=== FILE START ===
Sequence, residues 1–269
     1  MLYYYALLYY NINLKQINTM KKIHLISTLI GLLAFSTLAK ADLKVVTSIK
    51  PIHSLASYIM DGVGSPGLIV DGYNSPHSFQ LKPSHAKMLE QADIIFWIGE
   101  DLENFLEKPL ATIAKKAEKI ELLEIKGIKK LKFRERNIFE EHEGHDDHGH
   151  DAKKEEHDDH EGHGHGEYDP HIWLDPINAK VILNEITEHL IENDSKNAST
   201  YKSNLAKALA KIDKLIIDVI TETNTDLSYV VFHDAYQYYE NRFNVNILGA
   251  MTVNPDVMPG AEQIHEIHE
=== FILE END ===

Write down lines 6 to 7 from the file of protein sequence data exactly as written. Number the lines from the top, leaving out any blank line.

   201  YKSNLAKALA KIDKLIIDVI TETNTDLSYV VFHDAYQYYE NRFNVNILGA
   251  MTVNPDVMPG AEQIHEIHE